The key to solving an emerging patient-safety concern could be to have doctors act more like nurses.
New restrictions on first-year resident work hours is leading to shorter shifts, which lead to more instances of physicians in training handing off a patient's care to a colleague, according to two studies posted last week on the JAMA Internal Medicine website.
There is general consensus that the greater the number of patient handoffs, the greater the risk for medical error. But some patient-safety experts are saying this risk can be managed by structuring a process—best done at the bedside—where the departing doctor can pass along pertinent information to the physician just starting his shift. Dr. Kedar Mate, vice president of the Institute for Healthcare Improvement, said this is what nurses have been doing effectively for years.
Mate said first-year residents (also known as interns) should meet at the patient's bedside, ideally with a family member or caregiver present, and recite this general script that summarizes a patient's status and treatment goals: This is patient so and so, he is facing these problems, this is the status of his treatment, this is what should happen during the next 24 hours, and these are the challenges he's facing in getting to that point.
Nurses working in shifts adopted this transition process a long time ago, and so now are hospitalist physicians and interns as they adopt the same work patterns. “This is all symbolic in a way,” Mate said. While new doctors in training might not find this means of communication unusual, “the old guard might be threatened and feel this is a waste of time or not part of what it means to be a doctor.”
The Accreditation Council for Graduate Medical Education imposed an 80-hour workweek (averaged over four weeks) in 2003. Additional restrictions rolled out in 2011 included counting any outside work, or “moonlighting,” by residents as part of their 80 hours and limiting interns to 16-hour shifts.
Those new limits went into effect on the traditional start date of new residency programs: July 1. Earlier that year, researchers at Johns Hopkins University in Baltimore randomly assigned 43 interns into three groups: One following the 2003 rules and two groups following 16-hour work schedules. While the 2011 compliant groups did get more sleep, the new regulations “decreased continuity of care and educational opportunities from teaching and patient care,” researchers wrote in one of last week's JAMA Internal Medicine studies.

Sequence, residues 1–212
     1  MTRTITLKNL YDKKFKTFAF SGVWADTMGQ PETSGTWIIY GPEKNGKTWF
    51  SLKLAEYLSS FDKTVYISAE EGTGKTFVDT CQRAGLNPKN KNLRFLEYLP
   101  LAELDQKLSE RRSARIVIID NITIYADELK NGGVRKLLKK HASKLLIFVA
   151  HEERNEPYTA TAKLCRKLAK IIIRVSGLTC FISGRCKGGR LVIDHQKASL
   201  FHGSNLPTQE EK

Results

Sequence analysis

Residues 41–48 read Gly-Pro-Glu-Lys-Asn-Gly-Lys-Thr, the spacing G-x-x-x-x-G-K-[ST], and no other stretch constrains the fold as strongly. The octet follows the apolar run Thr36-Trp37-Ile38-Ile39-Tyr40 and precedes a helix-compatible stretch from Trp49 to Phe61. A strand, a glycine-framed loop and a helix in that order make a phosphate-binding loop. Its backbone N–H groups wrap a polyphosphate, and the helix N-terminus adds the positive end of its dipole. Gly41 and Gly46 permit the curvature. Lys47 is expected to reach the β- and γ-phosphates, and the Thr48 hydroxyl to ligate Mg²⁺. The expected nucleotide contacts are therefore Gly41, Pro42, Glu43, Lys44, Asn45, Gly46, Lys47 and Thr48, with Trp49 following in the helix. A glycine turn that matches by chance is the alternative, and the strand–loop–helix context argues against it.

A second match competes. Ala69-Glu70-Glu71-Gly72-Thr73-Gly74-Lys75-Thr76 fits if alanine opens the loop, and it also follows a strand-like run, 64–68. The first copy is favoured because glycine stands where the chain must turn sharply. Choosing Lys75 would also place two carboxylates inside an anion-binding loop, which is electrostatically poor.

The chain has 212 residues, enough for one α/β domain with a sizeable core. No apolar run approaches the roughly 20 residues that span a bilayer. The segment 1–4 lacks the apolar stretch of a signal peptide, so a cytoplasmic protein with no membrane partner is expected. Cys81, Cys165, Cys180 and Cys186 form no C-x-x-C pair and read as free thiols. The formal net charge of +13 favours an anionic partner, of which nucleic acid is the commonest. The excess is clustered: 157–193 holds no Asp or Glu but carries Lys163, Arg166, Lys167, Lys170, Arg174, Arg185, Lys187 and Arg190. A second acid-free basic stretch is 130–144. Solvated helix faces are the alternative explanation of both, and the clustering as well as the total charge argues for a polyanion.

The minimal number of patient handoffs increased from three under the 30-hour shift limit to as many as nine in 16-hour shifts. Also, the minimal number of interns seeing a patient during a three-day stay went from three to as high as five. “Increased supervision and training in handoffs may mitigate some of the threat,” researchers concluded. “Our results suggest an urgent need to study, standardize, teach and improve this critical component of care.”
Researchers at the universities of Michigan and Pennsylvania, meanwhile, found that more residents who began their training under the 2011 rules (22.3%) reported committing serious errors than their peers who started in 2009 and 2010 (19.1%). “The increase in handoffs may be a contributing factor to the increase in self-reported medical errors with the implementation of the new duty hour,” researchers wrote.
Mate concluded his residency training in 2003, the year the 80-hour workweek limit was first imposed. “I don't think we were paying as much attention to handoffs and now we have to,” he said. While handoffs were fewer then, he said they were largely chaotic and characterized the process as “50 people in a room all yelling at each other.”
But handoffs are in fact a process, and processes can be improved, said Alex Vandiver, executive director of the Joint Commission Center for Transforming Healthcare. The organization focuses on transfers between settings—such as from the emergency department to the inpatient floor and hospital to nursing home. But the principles, Vandiver said, are the same: communication, teamwork and measurement that the “people involved understand and have bought into.” If an organization takes the time to do that, he said, “they can reduce the risk that something bad might happen.”
The ACGME's 2011 rules followed several recommendations included in a December 2008 Institute of Medicine report on the subject of resident work hours. The committee that wrote that report was chaired by Dr. Michael M.E. Johns, then the chancellor at Emory University in Atlanta.
Johns, noting that the IOM report did not recommend the 16-hour work-shift limit, said in an interview last week that the emphasis should be on managing fatigue, not managing work hours. “This is a multifactoral issue—it's not just work hours,” Johns said. A fatigued resident is a potentially cognitively impaired resident, he said. “For the good of the resident, as well as the good of the patient, not being fatigued is important.”
Yet healthcare is a 24/7 industry, and workplaces are regulated because time off is not, observed one of Johns' colleagues on the IOM committee, David Dinges, chief of the sleep and chronobiology division at the University of Pennsylvania, Philadelphia.
People have to be professional and self-manage their fatigue, he said, and this involves showing up fit for work as well as taking a break when fatigued or asking others to check over your work. “This is really about fatigue management and system management.”
The keys, Dinges said, could be different rules for different specialties and more study on the issue. “This is not 16-hour vs. no 16-hour limit for me. It's about trials that seek to find the way that's optimum,” Dinges said. “It's hard to stop at one point and say, 'This is all the evidence we'll ever need.' ”